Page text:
The Court of Justice of the European Union (CJEU) has upheld Italy’s ban on the sale through parapharmacies of prescription medicines which are paid for entirely by the purchaser.

The Court was ruling in a case brought by three Milan pharmacists whose request to be allowed to sell such products through their parapharmacies was rejected by their local health authorities and the Italian Ministry of Health. They then brought their case to the regional administrative court in Lombardy, claiming that this refusal was contrary to EU law.

In its judgement, the CJEU notes that the establishment of pharmacies in Italy is subject to planning rules. The aim of these is, first, to avoid pharmacies becoming concentrated only in areas which are commercially more attractive and to ensure that each pharmacy has a market share and, second, to ensure that requirements for medicines can be met nationwide.

The EU judges point out that the geographic distribution of pharmacies and monopoly for dispensing medicines remains a matter for individual EU member states. And in Italy, a pharmacist who wishes to set up a parapharmacy is excluded from the economic benefits accruing from sales of prescription-only drugs which are wholly paid for by the purchaser; these can only be sold through pharmacies.

While this legislation does constitute a restriction on freedom of establishment, it may be justified by overriding reasons of public interest, they add.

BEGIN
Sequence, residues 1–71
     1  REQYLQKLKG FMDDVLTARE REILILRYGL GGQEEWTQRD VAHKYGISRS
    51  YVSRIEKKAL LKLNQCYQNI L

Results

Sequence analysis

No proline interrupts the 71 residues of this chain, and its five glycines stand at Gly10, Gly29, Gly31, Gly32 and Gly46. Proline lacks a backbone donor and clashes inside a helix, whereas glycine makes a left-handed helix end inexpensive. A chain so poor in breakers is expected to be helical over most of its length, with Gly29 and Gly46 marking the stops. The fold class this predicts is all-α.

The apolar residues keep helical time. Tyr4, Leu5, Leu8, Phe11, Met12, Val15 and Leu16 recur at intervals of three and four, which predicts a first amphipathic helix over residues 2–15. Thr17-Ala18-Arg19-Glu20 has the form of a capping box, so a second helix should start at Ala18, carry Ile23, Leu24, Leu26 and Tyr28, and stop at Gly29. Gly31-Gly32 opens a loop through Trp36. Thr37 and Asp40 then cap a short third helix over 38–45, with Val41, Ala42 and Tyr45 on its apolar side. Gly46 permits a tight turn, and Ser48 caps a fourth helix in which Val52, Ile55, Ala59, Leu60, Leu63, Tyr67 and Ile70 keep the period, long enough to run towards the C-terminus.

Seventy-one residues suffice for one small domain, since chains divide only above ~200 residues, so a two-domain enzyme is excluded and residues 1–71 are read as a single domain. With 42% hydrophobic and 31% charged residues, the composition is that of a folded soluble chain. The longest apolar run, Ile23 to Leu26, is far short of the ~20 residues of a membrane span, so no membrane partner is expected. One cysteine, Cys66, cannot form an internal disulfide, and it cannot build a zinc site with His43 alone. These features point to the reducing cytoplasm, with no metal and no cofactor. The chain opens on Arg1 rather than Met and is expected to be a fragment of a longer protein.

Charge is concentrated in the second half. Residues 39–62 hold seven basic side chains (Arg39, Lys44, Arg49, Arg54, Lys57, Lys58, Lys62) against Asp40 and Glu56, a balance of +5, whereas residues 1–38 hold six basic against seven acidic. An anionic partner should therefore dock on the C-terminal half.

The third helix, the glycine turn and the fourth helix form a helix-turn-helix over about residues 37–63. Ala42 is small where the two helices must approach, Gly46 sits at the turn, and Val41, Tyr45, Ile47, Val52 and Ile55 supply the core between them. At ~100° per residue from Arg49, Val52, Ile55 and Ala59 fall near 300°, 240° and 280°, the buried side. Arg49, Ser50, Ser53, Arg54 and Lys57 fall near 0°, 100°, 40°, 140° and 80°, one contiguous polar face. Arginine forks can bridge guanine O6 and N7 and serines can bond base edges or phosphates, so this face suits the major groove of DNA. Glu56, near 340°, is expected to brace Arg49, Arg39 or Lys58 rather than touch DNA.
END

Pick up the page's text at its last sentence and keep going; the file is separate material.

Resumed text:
Italy's legislation pursues the objective of ensuring that the supply to the public of medicines is “reliable and of good quality.” If the sale of some prescription-only medicines were to be allowed in parapharmacies, that would amount to the products being sold without being subject to the planning rules, thus risking a concentration of parapharmacies in areas deemed to be the most profitable, which would reduce customer numbers and income for pharmacies in those areas, say the judges.

“That situation might then bring about a lower quality of service provided by pharmacies to the public and also result in the definitive closure of some of them – a shortage of pharmacies in some parts of Italy could cause the supply of medicinal products to be unreliable and not of good quality,” they add.

By not allowing parapharmacies to sell prescription-only drugs which are paid for in full by the purchaser, the Italian system “reduces the risk of a shortage of pharmacies in a manner which is proportionate to the objective of ensuring that the supply of medicinal products to the public is reliable and of good quality,” the Court judgement concludes.